Updated: Jun 25
Menopause is rarely a topic of open discussion in the workplace — despite the fact that nearly half of the world’s population experiences or will experience this biological transition, which marks the end of a woman’s menstrual cycle and fertility. According to a study from the Society for Endocrinology, a startling one in four women will experience serious menopause systems.
Menopause often intersects with a critical career stage. It usually occurs between ages 45 and 55 – which is also the age bracket during which women are most likely to move into top leadership positions (technically 53.46 years old for a CEO). Since menopause generally lasts between seven and 14 years, millions of postmenopausal women are coming into management and top leadership roles while experiencing mild to severe symptoms such as depression, anxiety, sleep deprivation and cognitive impairment, to name a few.
A recent Korn Ferry analysis finds that women hold only around 25% of C-suite positions. If we want to continue to move the needle on the number of women in leadership roles and maintain their valuable contributions to a company’s bottom line, I believe we need to be more open about what menopause is and how it affects both individuals and organizations.
Some researchers suggest that workplace ageism also plays a part in the exclusion of menopausal symptoms from corporate health policies. Companies can be wary of hiring and or accommodating older employees’ health needs. “We find [aging women] kind of disposable or marginal — so it doesn’t surprise me that something that impacts older women in particular would be not only a discomfort, but a non-concern,” explained Chris Bobel, an associate professor of gender studies at UMass Boston.
Like a lot of women, I instinctually disguised my symptoms when menopause began for me. It was a sharp difference from when I was pregnant — during that time, I didn’t think twice about confessing forgetfulness and fatigue. Men and women laughed knowingly and supportively at my anecdotes. But menopause was different. I wouldn’t reveal the cause, despite getting lost (even with a GPS), arriving late to important meetings, double and triple-booking calendar time slots, missing flights, and not even being able to recall what someone had said to me just a few minutes earlier.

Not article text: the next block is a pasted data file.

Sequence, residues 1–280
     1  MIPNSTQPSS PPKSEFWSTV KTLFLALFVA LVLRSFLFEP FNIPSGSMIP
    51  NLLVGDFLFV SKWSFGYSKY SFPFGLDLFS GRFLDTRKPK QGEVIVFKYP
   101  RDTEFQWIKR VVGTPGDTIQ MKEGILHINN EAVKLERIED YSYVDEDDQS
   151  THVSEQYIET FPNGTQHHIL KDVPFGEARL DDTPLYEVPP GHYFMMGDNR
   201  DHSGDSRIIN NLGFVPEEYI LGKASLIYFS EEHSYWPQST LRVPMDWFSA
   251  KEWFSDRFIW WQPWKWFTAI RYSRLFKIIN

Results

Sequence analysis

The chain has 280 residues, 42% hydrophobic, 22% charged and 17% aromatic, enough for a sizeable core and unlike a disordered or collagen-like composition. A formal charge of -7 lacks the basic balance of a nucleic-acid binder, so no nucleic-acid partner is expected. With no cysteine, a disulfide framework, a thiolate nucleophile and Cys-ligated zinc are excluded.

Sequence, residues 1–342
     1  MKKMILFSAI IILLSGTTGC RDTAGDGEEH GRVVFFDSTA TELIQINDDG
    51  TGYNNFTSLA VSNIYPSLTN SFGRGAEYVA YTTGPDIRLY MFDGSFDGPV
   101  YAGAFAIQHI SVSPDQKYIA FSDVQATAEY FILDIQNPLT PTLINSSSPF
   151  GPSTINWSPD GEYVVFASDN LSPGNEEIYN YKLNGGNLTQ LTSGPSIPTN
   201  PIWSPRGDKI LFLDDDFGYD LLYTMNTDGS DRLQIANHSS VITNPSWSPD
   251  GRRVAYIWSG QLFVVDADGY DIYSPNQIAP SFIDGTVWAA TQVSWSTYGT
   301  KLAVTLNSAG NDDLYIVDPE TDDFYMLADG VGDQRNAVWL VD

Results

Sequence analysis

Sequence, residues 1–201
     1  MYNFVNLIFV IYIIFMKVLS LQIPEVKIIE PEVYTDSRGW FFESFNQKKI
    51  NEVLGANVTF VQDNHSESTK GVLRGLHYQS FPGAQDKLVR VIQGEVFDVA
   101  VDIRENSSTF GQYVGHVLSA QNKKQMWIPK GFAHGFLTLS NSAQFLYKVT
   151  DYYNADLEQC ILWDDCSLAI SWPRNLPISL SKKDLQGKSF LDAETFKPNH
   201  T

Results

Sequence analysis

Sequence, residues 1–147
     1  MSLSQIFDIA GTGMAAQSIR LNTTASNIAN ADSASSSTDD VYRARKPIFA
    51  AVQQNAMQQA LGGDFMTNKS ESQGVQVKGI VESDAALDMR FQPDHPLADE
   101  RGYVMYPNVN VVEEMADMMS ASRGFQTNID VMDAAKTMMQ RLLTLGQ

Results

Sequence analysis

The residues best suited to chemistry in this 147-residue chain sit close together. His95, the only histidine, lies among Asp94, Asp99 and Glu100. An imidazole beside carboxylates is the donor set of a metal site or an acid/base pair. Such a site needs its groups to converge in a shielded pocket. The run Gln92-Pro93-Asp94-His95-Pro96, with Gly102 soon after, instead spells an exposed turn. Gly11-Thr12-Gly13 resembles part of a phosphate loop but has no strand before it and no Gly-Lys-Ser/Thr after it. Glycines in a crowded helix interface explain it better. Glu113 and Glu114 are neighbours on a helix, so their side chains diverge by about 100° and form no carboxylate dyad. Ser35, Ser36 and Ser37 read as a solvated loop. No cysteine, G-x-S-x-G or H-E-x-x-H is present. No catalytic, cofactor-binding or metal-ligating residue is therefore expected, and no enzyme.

When my symptoms began, I was convinced that, at age 48, I had early-onset Alzheimer’s disease. Too afraid to discuss my difficulties with anyone at work, I made excuses for my forgetfulness and backed off from a career-enhancing role. How could I take on a bigger challenge when I kept forgetting key details about my projects? When my physician diagnosed menopause, it was a relief and a surprise.
Other women I’ve spoken to about this experience have echoed how difficult it can be to manage menopause symptoms and work. “Moderating that high-profile panel, in front of 200 industry experts, should have been a career highlight. It was a disaster,” grumbled Sandala (not her real name), a 46-year-old biotech vice president. “Those years of confusion, self-doubt, and severe anxiety practically killed my entire career,” Enia (also disguised), a 51-year-old tech executive, told me.
In Enia’s case, her symptoms became so severe that two years of damaging 360-degree feedback and deteriorating results led to her dismissal. Today, she works as a diversity-and-inclusion consultant for organizations who are accommodating a broader range of women’s health issues. With a twist of irony, her former employer now engages Enia as a consultant. She’s happier and healthier than ever.
In retrospect, Enia wishes she’d been more courageous and spoken up about her need for support. Any taboo topic loses power when someone with authority addresses it openly. We are learning to discuss race, gender, and generational differences more openly at work and we need to put menopause on the agenda.
What can employers do? Based on my experiences, it starts with talking. If you are a leader going through menopause, try to normalize your challenges, so that other women can feel empowered to speak in the future. Just saying something like, “I’m going through menopause, and I keep forgetting things!” shows others this is something that is okay to talk about. Dialogue costs nothing, but reaps big rewards.
It also takes education. There’s a lot of mystery and misinformation about this life stage, and just gathering some basic facts from trusted medical sources is a good start.
Managers can work to bring this issue into the daylight by focusing on its connection to employee well-being — after all, menopause is one of the many health issues that can contribute to stress and burnout. Talk with the women and men on your team about how you might approach accommodation strategies like flexible work schedules, offering options to work from home, or providing company information sessions. Through active leadership support, an organization can begin to realize benefits in productivity, work culture, and the bottom line, when menopausal transition is addressed as a specific, work-related concern.
When I went through this, my initial fear of embarrassment stopped me from getting the support I needed. Finally, when it was too hard to continue pretending that nothing was amiss, I said in a 12-person meeting: “I’ll have to excuse myself for a few minutes. I’m having a hot flash and need a break.” In that moment, I felt powerful, self-assured, and relieved. Everyone nodded like it was no big deal. After the meeting two colleagues approached me to share their own experiences. That encouraged me to speak about my symptoms more often, and I hope my experience inspires others to do the same.
By Jeneva Patterson, published in Harvard Business Review